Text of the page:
The USDA announced it will support developing additional fertilizer production in the U.S. to address rising costs and spur competition. The agency will make $250 million available this summer through a new grant program to support independent, innovative, and sustainable American fertilizer production to help supply American farmers.
To address growing concerns about competition in the agricultural supply chain, USDA will also launch a public inquiry seeking information regarding seeds and agricultural inputs, fertilizer, and retail markets. “Recent supply chain disruptions from COVID-19 to the war in Ukraine have shown us how important it is to invest in this crucial link in the agricultural supply chain here at home,” says Ag Secretary Tom Vilsack.
Fertilizer prices have more than doubled since last year due to many factors. The top producers of the major components in fertilizer include China, Russia, Canada, and Morocco. Belarus also provides a significant share of the world’s potash exports.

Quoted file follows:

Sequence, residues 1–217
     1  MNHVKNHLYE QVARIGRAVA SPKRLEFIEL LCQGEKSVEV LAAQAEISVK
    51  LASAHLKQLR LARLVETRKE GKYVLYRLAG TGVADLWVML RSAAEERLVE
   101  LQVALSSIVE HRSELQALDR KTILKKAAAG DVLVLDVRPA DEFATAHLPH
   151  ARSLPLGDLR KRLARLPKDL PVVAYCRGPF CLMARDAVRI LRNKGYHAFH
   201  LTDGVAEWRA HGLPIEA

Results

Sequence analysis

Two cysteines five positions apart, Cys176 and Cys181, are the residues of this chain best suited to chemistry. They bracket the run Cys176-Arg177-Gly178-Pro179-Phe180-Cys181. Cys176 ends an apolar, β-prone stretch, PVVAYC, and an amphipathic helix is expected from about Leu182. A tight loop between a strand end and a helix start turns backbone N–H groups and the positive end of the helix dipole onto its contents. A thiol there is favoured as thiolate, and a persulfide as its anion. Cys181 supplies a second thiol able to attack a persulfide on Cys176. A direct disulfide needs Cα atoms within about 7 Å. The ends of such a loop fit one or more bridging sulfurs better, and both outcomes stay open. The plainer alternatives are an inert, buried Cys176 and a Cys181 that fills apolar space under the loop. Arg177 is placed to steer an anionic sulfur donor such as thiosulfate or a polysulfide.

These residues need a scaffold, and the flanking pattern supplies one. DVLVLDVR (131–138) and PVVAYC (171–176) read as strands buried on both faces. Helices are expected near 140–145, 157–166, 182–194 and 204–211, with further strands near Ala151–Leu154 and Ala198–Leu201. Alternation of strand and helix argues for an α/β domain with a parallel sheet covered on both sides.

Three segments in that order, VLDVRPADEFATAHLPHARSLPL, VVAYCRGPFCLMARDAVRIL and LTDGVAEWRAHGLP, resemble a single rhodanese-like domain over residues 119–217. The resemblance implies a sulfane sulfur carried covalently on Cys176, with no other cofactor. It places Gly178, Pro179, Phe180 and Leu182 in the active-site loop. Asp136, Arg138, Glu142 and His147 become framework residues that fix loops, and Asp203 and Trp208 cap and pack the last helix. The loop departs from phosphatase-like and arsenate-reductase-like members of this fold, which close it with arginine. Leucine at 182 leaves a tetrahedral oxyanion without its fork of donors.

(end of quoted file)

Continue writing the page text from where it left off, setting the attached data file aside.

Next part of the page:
Speaking at the Commodity Classic in New Orleans, Vilsack said USDA is looking at “what we can do immediately; what we can do in the midterm; and what we can do in the long term” to offset the higher prices. The new grant program will jumpstart some new efforts to reduce fertilizer prices.
The secretary also touched on research to make fertilizer applications more efficient. He praised state attorneys general that are collectively looking into questions about fertilizer prices such as “whether or not all of the increases that we have had in this country” are legitimate. He added, “So we will continue to promote those questions being asked.”
In the new program, USDA will use funds from the Commodity Credit Corporation (CCC) set aside in September for market disruptions to develop a grant program that provides ‘gap’ financing to bring new, independent domestic production capacity on-line—similar to the recently announced meat and poultry grants that are designed to promote competition and resilience in that sector.
Details on the application process will be announced in the summer of 2022, with the first awards expected before the end of 2022.
“Concentrated market structures and potentially anticompetitive practices leave America’s farmers, businesses, and consumers facing higher costs, fewer choices and less control about where to buy and sell, and reduced innovation—ultimately making it harder for those who grow our food to survive,” said Secretary Vilsack. “As I talk to farmers, ranchers and agriculture and food companies about the recent market challenges, I hear significant concerns about whether large companies along the supply chain are taking advantage of the situation by increasing profits—not just responding to supply and demand or passing along the costs.”